Home News ‘Durian-faced bird’ spotted at golf course

‘Durian-faced bird’ spotted at Changi golf course

The term arose from the appearance of the masked lapwing bird which has a bright yellow face similar to the flesh of the durian




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Singapore—A netizen saw and photographed an unusual-looking bird earlier this week at a golf course at , which one commenter promptly christened as “durian-faced.”

Facebook user Eddie Chung posted photos of the bird on the Nature Society (Singapore) page on Nov 10 (Tuesday), asking for help with identifying the bird, which turned out to be a masked lapwing.

All photos taken by Eddie Chung and posted on the Nature Society (Singapore) page.

Since masked lapwings have bright yellow faces similar to the flesh of durian fruit, commenters started calling the feathered creature a “durian-face” bird, although one netizen laughingly referred to it as a “cheese face bird.”

Another joked, “Who’s pan flipped an omelette and landed on this poor bird..?!”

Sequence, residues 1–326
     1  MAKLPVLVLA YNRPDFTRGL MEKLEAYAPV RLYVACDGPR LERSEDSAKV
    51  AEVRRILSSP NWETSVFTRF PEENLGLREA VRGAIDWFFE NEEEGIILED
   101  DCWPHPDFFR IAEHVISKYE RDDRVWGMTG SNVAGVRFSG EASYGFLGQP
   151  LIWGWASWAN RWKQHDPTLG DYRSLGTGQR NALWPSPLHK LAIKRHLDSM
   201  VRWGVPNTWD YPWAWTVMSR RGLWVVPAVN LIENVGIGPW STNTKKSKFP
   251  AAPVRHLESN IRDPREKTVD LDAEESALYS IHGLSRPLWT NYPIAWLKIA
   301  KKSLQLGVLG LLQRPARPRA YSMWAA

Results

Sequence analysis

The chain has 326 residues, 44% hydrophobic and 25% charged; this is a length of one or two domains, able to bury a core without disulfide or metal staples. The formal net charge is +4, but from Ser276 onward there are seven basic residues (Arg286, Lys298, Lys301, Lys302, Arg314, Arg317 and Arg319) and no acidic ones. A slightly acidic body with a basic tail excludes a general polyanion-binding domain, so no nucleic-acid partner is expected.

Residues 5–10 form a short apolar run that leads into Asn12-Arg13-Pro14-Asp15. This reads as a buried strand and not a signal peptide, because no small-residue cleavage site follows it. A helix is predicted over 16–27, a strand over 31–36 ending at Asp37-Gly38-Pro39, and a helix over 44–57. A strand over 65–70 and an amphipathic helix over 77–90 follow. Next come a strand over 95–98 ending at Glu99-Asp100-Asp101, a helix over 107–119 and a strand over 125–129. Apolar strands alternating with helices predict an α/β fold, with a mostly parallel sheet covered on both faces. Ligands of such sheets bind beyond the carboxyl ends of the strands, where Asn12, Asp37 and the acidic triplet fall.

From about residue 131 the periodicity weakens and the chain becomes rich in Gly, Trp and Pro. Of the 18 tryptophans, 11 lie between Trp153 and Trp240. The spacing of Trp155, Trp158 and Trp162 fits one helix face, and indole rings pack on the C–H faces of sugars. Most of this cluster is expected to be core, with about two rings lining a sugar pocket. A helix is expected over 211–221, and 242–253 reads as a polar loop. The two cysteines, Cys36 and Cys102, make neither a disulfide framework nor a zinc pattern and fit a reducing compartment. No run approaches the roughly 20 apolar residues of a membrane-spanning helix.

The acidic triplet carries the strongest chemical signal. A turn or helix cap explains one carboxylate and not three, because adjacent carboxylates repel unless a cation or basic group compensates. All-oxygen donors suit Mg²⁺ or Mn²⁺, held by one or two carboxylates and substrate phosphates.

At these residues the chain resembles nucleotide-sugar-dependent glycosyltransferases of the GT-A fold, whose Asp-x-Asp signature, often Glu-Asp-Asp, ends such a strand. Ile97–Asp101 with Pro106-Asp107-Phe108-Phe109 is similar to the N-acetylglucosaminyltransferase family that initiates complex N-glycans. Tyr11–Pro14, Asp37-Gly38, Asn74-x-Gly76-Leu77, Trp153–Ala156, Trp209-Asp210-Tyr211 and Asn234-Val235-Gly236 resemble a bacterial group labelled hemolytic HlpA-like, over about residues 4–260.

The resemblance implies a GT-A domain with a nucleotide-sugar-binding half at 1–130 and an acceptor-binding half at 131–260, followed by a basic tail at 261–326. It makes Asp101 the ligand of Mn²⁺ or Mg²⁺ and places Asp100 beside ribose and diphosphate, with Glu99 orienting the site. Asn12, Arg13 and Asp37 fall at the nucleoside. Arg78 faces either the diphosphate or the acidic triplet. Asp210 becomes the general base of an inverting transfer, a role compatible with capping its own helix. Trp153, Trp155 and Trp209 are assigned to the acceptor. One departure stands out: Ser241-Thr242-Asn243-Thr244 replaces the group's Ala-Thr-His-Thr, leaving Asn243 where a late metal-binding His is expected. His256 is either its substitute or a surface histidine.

Other members of Nature Society Singapore provided helpful information about the masked lapwing. They said that the bird had been an introduced species native to Australia, New Zealand, and Papua New Guinea, but was being bred in Singapore. A number of them can be seen at Rower’s Bay Park along Seletar Club Road.

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There are also some at the river safari, another said.

An Australian netizen urged others to “be very careful” especially in this season because they lay their eggs and raise their chicks from November through April.

“These fellas used to swoop me in Sydney when coming to (sic) close,” he wrote.

In a comment, Mr Chung wrote that he believes the birds have been here for a while but that he, like most golfers, were too focused on their game to notice.

Today my game sucks so I rather photograph some birds,” he added.

In 2006, the Bird Ecology Study Group wrote that an Australian lapwing had apparently escaped from the zoo and had become a “free-range” animal that was often seen in and around the zoo and the Central Catchment Reserve.

Six years later, the population of masked lapwings had grown.

“I spotted a group of 15-18 in a flock along the stretch of Sungei Bedok. I see them regularly now in groups of 2s, 4s, 10s and flying singly around that vicinity. I have also taken a number of photographs when they are feeding on the ground or in flight. I am excited to see them establishing a small population here away from their native AU/NZ homes. I am glad also to see juveniles flying among the flocks,” the Bird Ecology Study Group quoted a Sim Kian Peng as saying. -/TISG

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